In the field of data science, data visualization is undoubtedly the top word today. No matter what data you want to analyze, doing data visualization seems to be a necessary step. But many people don’t have a specific concept of data visualization, and they don’t know how to implement it. So, today I am going to take you through the definition, concept, implementation process and tools for data visualization.

1. D3

D3.js is a JavaScript library based on data manipulation documentation. D3 combines powerful visualization components with data-driven DOM manipulation methods.

D3 – Data-Driven Documents

D3 has powerful SVG operation capability. It can easily map data to SVG attribute, and it integrates a large number of tools and methods for data processing, layout algorithms and calculating graphics. It has a strong community and rich demos. However, its API is too low-level. There isn’t much re-usability while the cost of learning and use is high.

2. Leaflet

Leaflet is a JavaScript library of interactive maps for mobile devices. It has all the mapping features that most developers need.

Leaflet JavaScripts

 It can be specifically targeted for map applications, and it has good compatibility with mobile. The API supports plug-in mechanism, but the function is relatively simple. Users need to have secondary development capabilities.

3. Vega

Vega is a set of interactive graphical grammars that define the mapping rules from data to graphic, common interaction grammars, and common graphical elements. Users can freely combine Vega grammars to build a variety of charts.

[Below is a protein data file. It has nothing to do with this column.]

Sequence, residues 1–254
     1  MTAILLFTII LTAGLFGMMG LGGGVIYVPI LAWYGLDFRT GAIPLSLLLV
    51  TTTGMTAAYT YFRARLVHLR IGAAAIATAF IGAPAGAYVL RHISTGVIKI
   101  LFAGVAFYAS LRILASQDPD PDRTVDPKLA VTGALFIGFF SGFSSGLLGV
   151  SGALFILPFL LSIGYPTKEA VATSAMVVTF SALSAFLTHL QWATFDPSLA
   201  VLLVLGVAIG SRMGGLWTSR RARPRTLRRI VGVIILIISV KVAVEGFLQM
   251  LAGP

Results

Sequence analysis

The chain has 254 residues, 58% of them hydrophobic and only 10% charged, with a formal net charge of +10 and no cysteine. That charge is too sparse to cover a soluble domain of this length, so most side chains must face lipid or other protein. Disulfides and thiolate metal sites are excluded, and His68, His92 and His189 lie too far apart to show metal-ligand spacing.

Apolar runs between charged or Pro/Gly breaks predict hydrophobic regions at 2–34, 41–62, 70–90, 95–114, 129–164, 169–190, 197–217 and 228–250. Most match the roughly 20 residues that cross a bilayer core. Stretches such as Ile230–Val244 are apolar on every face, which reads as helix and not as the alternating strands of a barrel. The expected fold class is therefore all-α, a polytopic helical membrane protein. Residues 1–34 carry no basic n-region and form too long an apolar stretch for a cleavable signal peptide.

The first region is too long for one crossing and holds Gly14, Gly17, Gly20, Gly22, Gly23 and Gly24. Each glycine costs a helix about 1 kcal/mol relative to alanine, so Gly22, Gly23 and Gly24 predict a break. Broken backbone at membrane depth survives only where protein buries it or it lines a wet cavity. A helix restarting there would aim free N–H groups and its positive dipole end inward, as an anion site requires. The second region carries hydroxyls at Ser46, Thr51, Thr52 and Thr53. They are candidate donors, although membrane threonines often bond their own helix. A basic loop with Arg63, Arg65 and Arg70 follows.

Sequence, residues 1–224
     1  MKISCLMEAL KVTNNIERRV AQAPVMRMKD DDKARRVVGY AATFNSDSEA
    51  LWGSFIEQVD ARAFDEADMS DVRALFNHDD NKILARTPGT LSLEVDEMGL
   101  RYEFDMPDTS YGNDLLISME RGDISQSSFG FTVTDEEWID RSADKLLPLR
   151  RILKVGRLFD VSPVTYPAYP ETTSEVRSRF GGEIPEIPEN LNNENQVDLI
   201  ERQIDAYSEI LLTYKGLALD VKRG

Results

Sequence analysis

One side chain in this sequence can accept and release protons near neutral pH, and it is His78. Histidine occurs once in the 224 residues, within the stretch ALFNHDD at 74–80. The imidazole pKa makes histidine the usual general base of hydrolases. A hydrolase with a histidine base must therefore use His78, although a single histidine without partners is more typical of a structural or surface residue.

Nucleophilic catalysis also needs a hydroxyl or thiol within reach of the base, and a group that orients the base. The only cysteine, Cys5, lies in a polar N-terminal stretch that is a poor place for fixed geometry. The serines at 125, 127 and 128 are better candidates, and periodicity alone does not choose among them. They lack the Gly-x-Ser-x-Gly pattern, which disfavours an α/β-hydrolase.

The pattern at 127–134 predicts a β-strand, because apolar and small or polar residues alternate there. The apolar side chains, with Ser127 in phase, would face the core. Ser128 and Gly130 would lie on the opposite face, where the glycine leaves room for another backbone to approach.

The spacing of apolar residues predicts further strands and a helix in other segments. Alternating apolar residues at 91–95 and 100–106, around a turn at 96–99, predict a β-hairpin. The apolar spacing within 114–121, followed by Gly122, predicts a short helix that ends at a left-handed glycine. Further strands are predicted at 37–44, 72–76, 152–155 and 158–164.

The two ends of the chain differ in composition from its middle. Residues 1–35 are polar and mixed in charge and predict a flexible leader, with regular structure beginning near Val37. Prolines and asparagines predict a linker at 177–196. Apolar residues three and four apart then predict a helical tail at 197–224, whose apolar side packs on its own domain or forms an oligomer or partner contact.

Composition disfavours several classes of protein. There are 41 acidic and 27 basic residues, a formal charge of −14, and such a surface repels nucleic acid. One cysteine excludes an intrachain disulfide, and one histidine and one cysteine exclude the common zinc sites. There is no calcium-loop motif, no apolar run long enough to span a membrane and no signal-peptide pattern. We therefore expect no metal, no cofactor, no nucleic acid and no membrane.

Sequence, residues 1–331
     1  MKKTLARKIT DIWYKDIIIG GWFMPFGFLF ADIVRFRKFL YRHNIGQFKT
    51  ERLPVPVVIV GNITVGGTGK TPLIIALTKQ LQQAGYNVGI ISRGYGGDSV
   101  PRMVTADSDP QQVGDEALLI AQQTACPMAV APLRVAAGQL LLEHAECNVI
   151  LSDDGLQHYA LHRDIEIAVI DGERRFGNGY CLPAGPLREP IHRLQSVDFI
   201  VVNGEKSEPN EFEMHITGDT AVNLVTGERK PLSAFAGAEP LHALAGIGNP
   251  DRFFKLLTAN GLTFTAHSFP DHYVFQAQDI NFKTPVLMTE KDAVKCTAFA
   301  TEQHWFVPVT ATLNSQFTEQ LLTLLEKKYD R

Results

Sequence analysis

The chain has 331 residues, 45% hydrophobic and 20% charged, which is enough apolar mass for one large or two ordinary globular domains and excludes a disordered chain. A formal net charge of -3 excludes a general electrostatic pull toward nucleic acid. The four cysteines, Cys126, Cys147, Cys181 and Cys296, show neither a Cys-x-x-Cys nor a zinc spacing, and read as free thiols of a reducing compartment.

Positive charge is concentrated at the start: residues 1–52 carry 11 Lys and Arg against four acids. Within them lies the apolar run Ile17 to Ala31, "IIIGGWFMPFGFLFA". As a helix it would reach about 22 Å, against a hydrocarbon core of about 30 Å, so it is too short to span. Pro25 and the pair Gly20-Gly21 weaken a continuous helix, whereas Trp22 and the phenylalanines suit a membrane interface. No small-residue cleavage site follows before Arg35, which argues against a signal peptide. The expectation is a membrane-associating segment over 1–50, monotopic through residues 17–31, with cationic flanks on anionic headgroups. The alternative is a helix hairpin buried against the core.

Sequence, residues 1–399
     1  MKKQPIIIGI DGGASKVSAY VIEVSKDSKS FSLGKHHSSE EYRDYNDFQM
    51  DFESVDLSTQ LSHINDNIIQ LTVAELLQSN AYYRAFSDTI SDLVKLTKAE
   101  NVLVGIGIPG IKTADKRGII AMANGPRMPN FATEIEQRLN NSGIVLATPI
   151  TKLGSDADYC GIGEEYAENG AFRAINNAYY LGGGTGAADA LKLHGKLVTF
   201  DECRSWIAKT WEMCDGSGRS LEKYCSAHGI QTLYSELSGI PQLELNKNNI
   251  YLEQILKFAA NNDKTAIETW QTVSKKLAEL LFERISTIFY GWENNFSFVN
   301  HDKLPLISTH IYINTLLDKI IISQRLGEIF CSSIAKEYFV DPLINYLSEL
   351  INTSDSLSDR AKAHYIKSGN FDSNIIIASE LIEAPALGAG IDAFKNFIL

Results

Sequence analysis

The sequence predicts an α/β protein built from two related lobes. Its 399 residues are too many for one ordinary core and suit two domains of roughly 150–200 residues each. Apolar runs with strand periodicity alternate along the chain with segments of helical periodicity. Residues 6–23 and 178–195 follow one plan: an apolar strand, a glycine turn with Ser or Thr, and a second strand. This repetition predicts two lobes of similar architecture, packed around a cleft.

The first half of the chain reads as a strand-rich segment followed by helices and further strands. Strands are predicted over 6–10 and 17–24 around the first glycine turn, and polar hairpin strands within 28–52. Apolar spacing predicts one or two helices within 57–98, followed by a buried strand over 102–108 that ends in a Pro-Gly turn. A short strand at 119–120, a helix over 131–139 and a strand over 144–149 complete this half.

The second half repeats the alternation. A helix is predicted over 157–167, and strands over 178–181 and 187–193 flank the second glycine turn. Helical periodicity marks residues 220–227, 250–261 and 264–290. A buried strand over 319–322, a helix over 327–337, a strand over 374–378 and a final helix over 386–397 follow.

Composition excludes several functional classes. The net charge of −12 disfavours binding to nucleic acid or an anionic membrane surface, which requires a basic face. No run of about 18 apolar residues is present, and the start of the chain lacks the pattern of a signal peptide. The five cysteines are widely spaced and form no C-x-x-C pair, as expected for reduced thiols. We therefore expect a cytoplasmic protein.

Vega – A Visualization Grammar

Based entirely on JSON grammar, Vega provides mapping rules from data to graphics, and it supports common interaction grammars. But the grammar design is complex, and the cost of use and learning is high.

4. is a visual class library based on WebGL for big data analytics. It is developed by the visualization team of Uber. focuses on 3D map visualization. There are many built-in geographic information visualization common scenes. It supports visualization of large-scale data. But the users need to have knowledge of WebGL and the layer expansion is more complicated.

5. Power BI

Power BI is a set of business analysis tools that provide insights in the organization. It can connect hundreds of data sources, simplify data preparation and provide instant analysis. Organizations can view reports generated by Power BI on web and mobile devices.

Power Business Intelligence

Power BI is similar to Excel’s desktop BI tool, while the function is more powerful than Excel. It supports for multiple data sources. The price is not high. But it can only be used as a separate BI tool, and there is no way to integrate it with existing systems.

6. HighCharts

HighCharts is a chart library written in pure JavaScript that makes it easy and convenient for users to add interactive charts to web applications. This is the most widely used chart tool on the Web, and business use requires the purchase of a commercial license.

HighCharts JS

 The use threshold is very low. HighCharts has good compatibility, and it is mature and widely used. However, the style is old, and it is difficult to expand charts. And the commercial use requires the purchase of copyright.

7. Tableau

Tableau is a business intelligence tool for visually analyzing data. Users can create and distribute interactive and shareable dashboards, depicting trends, changes and densities of data in graphs and charts. Tableau can connect to files, relational data sources and big data sources to get and process data.

Tableau is the simplest business intelligence tool in the desktop system. It doesn’t force users to write custom code. The software allows data mixing and real-time collaboration. But it’s expensive and it performs less well in customization and after-sales services.


Data visualization is a huge field with many disciplines. It is precisely because of this interdisciplinary nature that the visualization field is full of vitality and opportunities.